Whilst reading this I realised that the majority of the books I read are written in the third person; this was written in the first person which helped me to see things from Taylor’s perspective. At times I thought, go on girl! At other times I cringed at her intentions and thought there’s no way she’ll get away with that!

Taylor and Angus’ relationship is unpredictable, especially on his side which is what kept me hooked. This thriller was right up my street. It kept me reading way past my bedtime and at one point even made me late for work!

For a debut novel this is absolutely fantastic. I look forward to reading more from this author. Pip Drysdale is definitely one to watch!

Rating: 4/5

Thank you to Simon & Schuster for my ARC copy.

About the authorthumbnail_Author Image, c Frank Faller High-res

Pip Drysdale is a writer, actor and musician who grew up in Africa and Australia. At 20 she moved to New York to study acting, worked in indie films and off-off Broadway theatre, started writing songs and made four records. After graduating with a BA in English, Pip moved to London where she dated some interesting men and played shows across Europe. The Sunday Girl is her first novel and she is working on a second. She currently lives in Australia.

FINAL Sunday Girl BT Poster


The Passengers – John Marrs


Set in the not-so-distant future, eight people get in their cars unknowingly that the next 2.5 hours may be their last.

Among the eight are: a pregnant woman, a British actress, an abused wife, a war hero, a husband and wife (in separate cars), an illegal immigrant and a suicidal man. Collectively they are known as The Passengers. They are all in autonomous cars which are hacked by an unknown aggressor. The Hacker provides the public with newfound information on each person and with help from worldwide social media, the global community must decide out of the eight, which Passenger survives.

This is fast-paced book and very thought-provoking in that these driverless cars are already in development and that this tale could in fact happen.

I’m a huge fan of John Marrs and I don’t think this was a patch on The One or The Good Samaritan but it’s way up there!

Rating: 7/10

As Long As We Both Shall Live – JoAnn Chaney

cover161317-mediumThank you to Pan Macmillan and NetGalley for this ARC.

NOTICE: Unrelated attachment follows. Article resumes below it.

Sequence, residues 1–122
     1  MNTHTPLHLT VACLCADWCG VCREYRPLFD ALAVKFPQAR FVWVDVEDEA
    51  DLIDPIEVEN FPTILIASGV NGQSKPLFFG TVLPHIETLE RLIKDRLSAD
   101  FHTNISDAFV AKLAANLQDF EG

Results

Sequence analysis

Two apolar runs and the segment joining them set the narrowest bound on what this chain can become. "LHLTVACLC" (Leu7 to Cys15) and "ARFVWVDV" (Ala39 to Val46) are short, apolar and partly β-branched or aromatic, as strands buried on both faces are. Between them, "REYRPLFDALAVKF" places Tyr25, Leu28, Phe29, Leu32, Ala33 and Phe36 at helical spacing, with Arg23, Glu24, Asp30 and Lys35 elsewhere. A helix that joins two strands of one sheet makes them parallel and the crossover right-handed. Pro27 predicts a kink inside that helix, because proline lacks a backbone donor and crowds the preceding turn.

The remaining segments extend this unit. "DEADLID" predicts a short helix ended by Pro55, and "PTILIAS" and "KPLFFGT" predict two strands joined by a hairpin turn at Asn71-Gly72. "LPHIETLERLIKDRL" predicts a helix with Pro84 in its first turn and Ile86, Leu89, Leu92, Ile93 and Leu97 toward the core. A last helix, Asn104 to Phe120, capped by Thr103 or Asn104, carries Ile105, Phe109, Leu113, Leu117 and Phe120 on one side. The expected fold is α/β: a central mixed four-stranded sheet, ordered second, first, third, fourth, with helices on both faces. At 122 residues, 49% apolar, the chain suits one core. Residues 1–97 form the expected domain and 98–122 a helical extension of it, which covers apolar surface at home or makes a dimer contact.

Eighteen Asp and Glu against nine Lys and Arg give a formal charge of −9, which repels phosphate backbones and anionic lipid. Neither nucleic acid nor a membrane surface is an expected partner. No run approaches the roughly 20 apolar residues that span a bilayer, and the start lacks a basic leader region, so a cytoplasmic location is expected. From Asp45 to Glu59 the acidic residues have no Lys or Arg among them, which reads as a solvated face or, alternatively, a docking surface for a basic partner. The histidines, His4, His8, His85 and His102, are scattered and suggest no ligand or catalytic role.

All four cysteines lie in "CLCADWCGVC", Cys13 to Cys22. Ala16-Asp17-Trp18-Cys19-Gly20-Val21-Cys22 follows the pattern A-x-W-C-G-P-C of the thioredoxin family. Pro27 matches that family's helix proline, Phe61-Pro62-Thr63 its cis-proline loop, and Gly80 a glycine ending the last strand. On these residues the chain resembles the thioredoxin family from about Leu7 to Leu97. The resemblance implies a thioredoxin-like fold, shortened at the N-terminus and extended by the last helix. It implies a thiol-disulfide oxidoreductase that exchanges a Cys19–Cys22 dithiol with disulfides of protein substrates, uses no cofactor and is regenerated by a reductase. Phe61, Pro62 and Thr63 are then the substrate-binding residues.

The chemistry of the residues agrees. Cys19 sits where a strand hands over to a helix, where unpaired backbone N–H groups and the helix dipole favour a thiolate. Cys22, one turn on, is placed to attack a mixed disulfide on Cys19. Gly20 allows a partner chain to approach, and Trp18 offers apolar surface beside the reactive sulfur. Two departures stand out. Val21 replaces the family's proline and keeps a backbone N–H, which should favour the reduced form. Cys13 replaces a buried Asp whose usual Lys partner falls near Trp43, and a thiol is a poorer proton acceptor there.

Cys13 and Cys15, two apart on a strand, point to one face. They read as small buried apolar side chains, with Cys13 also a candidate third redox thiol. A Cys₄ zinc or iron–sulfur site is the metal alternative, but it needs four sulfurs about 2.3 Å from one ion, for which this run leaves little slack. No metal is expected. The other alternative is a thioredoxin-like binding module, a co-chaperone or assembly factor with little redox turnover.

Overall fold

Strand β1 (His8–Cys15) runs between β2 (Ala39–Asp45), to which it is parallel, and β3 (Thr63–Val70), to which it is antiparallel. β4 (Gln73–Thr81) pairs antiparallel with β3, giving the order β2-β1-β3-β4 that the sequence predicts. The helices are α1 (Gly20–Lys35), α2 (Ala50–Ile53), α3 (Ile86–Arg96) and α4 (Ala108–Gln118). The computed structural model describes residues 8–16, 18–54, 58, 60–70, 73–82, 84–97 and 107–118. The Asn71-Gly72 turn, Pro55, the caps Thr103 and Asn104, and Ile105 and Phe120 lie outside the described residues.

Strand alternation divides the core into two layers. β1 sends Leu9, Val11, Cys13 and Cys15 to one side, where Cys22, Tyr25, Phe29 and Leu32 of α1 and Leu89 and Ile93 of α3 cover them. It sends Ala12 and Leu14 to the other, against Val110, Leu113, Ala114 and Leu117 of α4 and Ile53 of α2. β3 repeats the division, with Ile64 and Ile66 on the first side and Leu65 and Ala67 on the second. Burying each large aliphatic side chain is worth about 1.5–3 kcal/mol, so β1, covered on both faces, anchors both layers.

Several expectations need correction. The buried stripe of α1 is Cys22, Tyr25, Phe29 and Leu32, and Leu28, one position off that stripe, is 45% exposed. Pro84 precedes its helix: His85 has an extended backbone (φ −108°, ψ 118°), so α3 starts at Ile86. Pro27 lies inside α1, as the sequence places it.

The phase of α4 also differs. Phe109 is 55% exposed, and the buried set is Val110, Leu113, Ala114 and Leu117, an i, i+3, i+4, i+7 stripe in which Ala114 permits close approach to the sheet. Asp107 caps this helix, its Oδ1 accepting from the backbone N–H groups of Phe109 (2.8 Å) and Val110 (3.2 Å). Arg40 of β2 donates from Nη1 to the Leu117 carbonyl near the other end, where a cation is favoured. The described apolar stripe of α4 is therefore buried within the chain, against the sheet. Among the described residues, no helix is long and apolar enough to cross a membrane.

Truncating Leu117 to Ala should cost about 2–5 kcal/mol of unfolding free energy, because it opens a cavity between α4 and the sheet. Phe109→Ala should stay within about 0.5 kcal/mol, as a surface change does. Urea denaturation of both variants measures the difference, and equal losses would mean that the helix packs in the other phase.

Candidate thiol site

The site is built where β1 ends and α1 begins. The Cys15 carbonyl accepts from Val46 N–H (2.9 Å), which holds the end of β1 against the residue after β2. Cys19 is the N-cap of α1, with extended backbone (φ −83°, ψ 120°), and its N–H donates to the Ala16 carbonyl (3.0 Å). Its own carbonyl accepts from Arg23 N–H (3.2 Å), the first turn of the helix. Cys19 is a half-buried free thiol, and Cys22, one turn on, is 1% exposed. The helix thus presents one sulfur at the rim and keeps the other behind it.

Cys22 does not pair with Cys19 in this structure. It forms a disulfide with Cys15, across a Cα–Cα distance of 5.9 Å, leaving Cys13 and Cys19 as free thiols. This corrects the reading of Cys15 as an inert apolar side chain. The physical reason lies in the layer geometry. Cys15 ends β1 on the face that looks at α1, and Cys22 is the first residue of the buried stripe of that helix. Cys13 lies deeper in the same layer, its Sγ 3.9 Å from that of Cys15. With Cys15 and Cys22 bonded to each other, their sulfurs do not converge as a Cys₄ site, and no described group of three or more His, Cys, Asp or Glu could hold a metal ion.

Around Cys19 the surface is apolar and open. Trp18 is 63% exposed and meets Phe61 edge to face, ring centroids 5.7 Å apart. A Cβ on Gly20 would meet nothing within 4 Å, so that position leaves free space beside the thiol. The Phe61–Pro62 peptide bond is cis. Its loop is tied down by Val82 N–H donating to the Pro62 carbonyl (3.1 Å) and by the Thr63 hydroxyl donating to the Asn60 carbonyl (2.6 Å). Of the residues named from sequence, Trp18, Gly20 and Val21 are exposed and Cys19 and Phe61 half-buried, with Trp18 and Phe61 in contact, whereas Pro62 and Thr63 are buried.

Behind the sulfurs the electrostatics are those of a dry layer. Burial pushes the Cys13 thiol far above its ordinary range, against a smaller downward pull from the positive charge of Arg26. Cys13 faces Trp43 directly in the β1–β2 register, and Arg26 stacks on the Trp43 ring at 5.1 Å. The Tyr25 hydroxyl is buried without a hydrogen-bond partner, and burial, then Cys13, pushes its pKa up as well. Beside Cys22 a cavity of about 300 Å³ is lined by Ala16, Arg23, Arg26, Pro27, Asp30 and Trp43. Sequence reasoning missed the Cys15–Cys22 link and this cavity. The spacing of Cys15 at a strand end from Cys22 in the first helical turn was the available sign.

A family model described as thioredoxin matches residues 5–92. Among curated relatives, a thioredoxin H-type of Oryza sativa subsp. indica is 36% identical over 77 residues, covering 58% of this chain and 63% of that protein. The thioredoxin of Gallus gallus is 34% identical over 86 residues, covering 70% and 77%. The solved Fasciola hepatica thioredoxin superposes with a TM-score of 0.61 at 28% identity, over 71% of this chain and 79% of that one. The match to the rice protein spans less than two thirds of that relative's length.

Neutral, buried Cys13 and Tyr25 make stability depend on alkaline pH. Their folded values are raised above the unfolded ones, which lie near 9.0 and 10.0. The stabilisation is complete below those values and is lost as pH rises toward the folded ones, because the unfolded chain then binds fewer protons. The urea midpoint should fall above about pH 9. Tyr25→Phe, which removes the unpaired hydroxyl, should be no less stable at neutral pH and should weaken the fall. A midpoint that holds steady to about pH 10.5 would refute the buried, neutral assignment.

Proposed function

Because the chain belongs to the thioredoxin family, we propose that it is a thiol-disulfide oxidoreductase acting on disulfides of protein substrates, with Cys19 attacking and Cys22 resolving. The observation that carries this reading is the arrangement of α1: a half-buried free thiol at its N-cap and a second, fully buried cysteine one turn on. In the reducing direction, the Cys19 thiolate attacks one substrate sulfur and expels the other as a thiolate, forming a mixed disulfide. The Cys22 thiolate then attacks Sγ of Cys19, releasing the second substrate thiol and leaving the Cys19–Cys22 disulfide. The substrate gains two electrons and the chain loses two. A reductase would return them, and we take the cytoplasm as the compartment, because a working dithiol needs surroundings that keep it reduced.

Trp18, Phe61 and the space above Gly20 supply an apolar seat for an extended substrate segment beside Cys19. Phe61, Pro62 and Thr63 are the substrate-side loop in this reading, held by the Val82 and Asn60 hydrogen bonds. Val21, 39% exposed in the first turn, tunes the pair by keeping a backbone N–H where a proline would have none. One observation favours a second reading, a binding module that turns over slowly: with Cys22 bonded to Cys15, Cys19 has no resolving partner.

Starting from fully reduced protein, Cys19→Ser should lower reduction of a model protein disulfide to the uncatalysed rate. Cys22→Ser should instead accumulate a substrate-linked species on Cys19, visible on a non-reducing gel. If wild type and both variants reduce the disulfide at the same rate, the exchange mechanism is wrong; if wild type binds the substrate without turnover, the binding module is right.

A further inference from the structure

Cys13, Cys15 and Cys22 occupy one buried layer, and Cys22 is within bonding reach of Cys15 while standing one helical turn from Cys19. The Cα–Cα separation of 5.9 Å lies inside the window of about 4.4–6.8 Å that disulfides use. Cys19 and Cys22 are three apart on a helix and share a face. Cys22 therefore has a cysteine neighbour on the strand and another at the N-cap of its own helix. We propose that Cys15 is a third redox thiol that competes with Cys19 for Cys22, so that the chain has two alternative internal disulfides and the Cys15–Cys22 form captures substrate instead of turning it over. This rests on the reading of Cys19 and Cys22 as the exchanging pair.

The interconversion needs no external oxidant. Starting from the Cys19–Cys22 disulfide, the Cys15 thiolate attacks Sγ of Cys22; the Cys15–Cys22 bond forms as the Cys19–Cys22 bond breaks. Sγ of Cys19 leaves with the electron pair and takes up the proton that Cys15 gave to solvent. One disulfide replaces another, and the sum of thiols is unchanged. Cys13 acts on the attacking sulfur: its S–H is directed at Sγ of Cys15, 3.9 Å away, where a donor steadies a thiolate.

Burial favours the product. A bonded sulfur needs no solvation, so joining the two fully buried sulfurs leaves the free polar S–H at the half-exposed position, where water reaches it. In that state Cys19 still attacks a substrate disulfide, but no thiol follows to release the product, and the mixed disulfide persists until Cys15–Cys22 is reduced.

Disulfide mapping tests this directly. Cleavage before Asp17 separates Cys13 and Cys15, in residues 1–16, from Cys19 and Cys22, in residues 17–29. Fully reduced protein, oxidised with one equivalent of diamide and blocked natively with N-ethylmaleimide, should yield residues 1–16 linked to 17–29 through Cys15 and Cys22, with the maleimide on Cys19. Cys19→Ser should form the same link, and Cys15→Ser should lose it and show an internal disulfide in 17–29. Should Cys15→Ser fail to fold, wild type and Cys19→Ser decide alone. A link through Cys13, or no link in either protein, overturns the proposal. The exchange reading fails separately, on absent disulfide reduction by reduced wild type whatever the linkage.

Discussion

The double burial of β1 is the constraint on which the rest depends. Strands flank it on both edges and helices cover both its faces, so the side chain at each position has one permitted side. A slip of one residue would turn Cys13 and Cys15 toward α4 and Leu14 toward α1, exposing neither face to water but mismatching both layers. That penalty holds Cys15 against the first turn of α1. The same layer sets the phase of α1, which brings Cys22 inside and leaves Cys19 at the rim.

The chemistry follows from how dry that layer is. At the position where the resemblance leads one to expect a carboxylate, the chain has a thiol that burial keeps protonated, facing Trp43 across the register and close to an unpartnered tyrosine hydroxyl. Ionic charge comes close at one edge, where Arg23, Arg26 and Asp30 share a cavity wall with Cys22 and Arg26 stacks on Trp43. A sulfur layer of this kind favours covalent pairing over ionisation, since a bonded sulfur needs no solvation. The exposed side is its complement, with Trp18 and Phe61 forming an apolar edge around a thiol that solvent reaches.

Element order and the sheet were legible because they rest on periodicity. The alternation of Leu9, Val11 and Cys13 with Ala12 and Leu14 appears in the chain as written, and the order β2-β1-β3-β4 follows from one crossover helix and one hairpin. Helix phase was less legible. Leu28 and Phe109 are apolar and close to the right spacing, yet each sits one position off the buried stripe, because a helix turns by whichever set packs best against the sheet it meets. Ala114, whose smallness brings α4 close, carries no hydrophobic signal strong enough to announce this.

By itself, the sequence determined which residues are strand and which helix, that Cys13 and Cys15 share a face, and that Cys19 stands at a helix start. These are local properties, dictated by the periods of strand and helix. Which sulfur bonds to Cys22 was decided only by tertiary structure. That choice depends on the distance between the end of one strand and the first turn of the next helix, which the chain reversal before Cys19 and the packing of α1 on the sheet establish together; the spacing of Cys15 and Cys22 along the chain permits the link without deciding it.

Matt has been married twice. Matt has also been a widower, twice.

Is he a very unlucky husband or a calculated killer?

When I read the blurb on this it looked right up my street. Set across two timelines, it details Matt’s time with both of his wives Janice who tragically died in a house fire, then 20 years later, Marie who met her fate after falling from a cliff.

I felt this had a lot of peaks and troughs but when I got to about 60%, BAM! It got brilliant.

If like me, there is anyone who is struggling with this, I urge you to persevere, you will not be disappointed!

Rating: 8/10

Bird Box – Josh Malerman

birdbox~~~ Contains spoilers ~~~

Written across two timelines, Malorie and her two children have survived several years of torment by something they must not see. Wearing blindfolds when venturing outside for fear of seeing the ‘thing’; this is their story and that of the people they meet along the way.

This is a brilliant and original concept. Initially it was creepy and when reading it in the dark I was hearing all sorts of noises in the house. This is what I want from a great horror story! But it let me down. Immensely.

I love a good gory thriller/horror story and at the start I thought it was great. There were quite a few people killing themselves and others after seeing the ‘thing’. But then it stops. From about half-way through I would have happily given it to my 11 year old son to read. I kept on it as I was hoping that the gore would re-emerge and apart from a scene after a woman gives birth, the horror simply isn’t there. It’s a vaguely memorable story. I finished it less than 12 hours ago and I don’t remember a lot of it.

It’s a fantastic premise. But it seemed as if the author just wanted the book finished, it felt rushed. It also posed a lot more questions than answers: what happened to the bodies from the house? Why was Tom’s voice on the recording? When did he do that? When they got to the refuge, why was it ok for some people not to wear their blindfolds? Why did Malorie call the children ‘girl’ and ‘boy’? I understood why she did this but why did they never question why she called them this when they did have names? And the one question of which I’m sure everyone wants the answer; exactly what is the ‘thing’ that everyone was terrified of?

If there is a sequel to this, I will not be reading it.

There’s film tie-in to the book and I’ve heard that it is a lot different to the film (aren’t they always!) so I may watch it, I may not. But if this too leaves a lot of unanswered questions, I don’t think I’ll bother.

Rating: 5/10

You Belong to Me – Mark Tilbury

youbelongtomeThis is a tale of four school friends; Danny (son to a chain-smoking mother), Rob (a self-harmer), Kieran (a born-again Christian) and Josh (an alcoholic motor mouth), all hell-bent on revenge for a secret they were forced to keep when they were teenagers. Nine years later, a similar event has reopened old wounds and they will do anything to make things right.

Written across two time lines, it’s an extremely dark tale. Grisly, sad and at times, uncomfortable.

It’s a very believable story, which quite frankly, is frightening.

Mark’s writing style makes it a very easy read and keeps you wanting more.

Even though I loved this book the characters are really annoying in their own unique way.
Danny. He is a bit of a sap. His mother exasperated him but he never confronted her about anything that was bothering him.
Rob. A wannabe thug living in his brother Pete’s shadow.
Josh. He never knows when to keep his mouth shut, even if he knows it will get him into trouble.
Kieran. A former drug addict and gambler turned devout Christian. He knows that praying doesn’t always go to plan.
Calum. Danny’s brother. He is instantly hateable.

The way Mark writes makes you want to either punch them in the face or give them a bloody good shake and say “what’s the matter with you?!”

Like a film director who manages to make you love or hate certain characters, Mark Tilbury does this with his writing. Fantastic.